Painting of the Week / Thomas Abbs

Painting of the Week: 38


Lyonel Feininger (1871-1956), The White Man, 1907, oil on canvas, 68.3 x 52.3 cm, Carmen Thyssen-Bornemisza Collection on deposit at Museo Thyssen-Bornemisza.

Having previously worked as a caricaturist for a succession of satirical German magazines and periodicals, it was perhaps natural that Lyonel Feininger should gravitate towards literary and journalistic circles on his arrival in Paris in July 1906. Among the Parisian magazines for which he provided illustrations was the journal Le Témoin. One of these illustrations was a drawing, compositionally identical to the above painting, published as a cartoon in 1906 under the title ‘Les regrets de M.Hearst’ (Fig. 1).

The subject-matter of both caricature and painting has lent itself to a number of quite different interpretations – perhaps most of all, is the arbitrary quest to identify who the ‘white man’ exactly is.  The cartoon’s title ‘Les regrets de M.Hearst…’, together with the accompanying caption ‘In France with 1,300,000 francs I could be president of the Republic’, was undoubtedly the work of the journal’s editor, rather than the artist. To Feininger’s Parisian contemporaries, the tall man in the white suit with hat and pipe may well have suggested an American newspaper baron. That the image was not, on the other hand, intended as a portrait of William Randolph Hearst is beyond question; nor, indeed, is there anything to suggest the figure is American at all.

'Les regrets de M.Hearst'

Fig. 1 ‘Les regrets de M.Hearst’, cartoon from le Témoin, I (1906), no.6

Alois Schardt – who, by the way, believed the figure to be a travelling Englishman – gives a revealing analysis of the painting’s compositional aspect. As Schardt notes, one of the most striking things about The White Man is the discrepancy in scale between the treatment of the principal figure and the surrounding architecture:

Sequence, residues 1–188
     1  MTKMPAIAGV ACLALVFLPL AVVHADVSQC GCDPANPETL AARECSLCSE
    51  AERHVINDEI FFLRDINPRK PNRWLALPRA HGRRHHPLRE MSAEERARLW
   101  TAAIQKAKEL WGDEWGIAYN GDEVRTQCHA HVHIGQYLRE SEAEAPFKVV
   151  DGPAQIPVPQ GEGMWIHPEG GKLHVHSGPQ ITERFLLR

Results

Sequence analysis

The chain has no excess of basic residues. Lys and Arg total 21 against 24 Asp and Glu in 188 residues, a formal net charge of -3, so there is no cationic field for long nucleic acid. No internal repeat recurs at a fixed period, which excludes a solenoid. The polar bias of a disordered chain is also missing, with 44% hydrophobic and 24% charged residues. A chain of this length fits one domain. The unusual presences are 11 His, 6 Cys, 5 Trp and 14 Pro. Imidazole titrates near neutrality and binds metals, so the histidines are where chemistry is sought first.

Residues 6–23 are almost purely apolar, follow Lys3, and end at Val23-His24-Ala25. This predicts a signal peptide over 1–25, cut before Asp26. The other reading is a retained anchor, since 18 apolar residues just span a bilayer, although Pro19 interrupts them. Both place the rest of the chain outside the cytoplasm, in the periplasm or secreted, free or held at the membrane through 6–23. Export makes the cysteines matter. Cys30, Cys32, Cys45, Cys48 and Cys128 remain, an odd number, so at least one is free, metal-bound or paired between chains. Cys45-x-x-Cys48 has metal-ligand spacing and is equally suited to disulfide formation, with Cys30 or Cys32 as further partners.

The man is huge, bigger than the picture frame, he has to bend slightly as he walks, for he reaches out beyond the frame, beyond its limited space into infinity.

This was clearly a deliberate device, employed to a quite specific end. In a letter of 1906, Feininger wrote:

The slightest difference in relative proportions creates enormous differences with regard to the monumentality and intensity of the composition. Monumentality is not attained by making things larger – how childish! – but by contrasting large and small in the same composition. On the size of a postage stamp one can represent something gigantic, while yards of canvas may be used in a smallish way and squandered.

Lyonel Feininger Chicago Sunday Tribune

Fig. 2 ‘The-Kin-der-Kids’. Chicago Sunday Tribune, 29 April 1906, title-page to part 11

Feininger photographed on the beach at Graal

Feininger photographed on the beach at Graal (Rugen), 1905.

In contrast, Hans Hess, Feininger’s biographer, identified The White Man as representing the artist himself, whom he described as ‘a tall, angular, boyishly jerky man’: ‘There he stands, as high as the Tour St Jacques, hands in his pockets, an American in Paris.’ This claim isn’t implausible. If you take a look at the artist’s depiction of himself in the Chicago Sunday Tribune (29 April 1906) introducing the paper’s new comic supplement, you can trace the ‘white man’ with his spindly legs and enormous feet (Fig. 2). There’s also something about the pose of an old family snapshot taken in 1905 showing Feininger on the beach at Graal that calls to mind the figure in the 1907 painting (Fig. 3). Ulrich Luckhardt, a voice of reason and one of the most recent authors to write extensively about Feininger, believes that the image of the ‘white man’, though closely related to the artist’s caricatures, is itself without specific reference.

With all this interest in the provenance of the ‘white man’, few interpretations of the picture published devote much attention to the significance of the figure of the ‘black man’. Given the relative proportions between the two figures this is easily done. However, considering the time and setting (Freud and the early twentieth-century city), and if we see the painting as a self-portrait, the ‘black man’ could represent an alter ego, the saturnine side of the artist’s personality: scurrying along, distracting him, tripping him up, diverting the purposefully striding figure from attaining its true objective. Pesky springs to mind. ■

This painting can be found in our book Twentieth-century German Painting, in addition to many more German masterpieces from The Thyssen-Bornemisza Collection.


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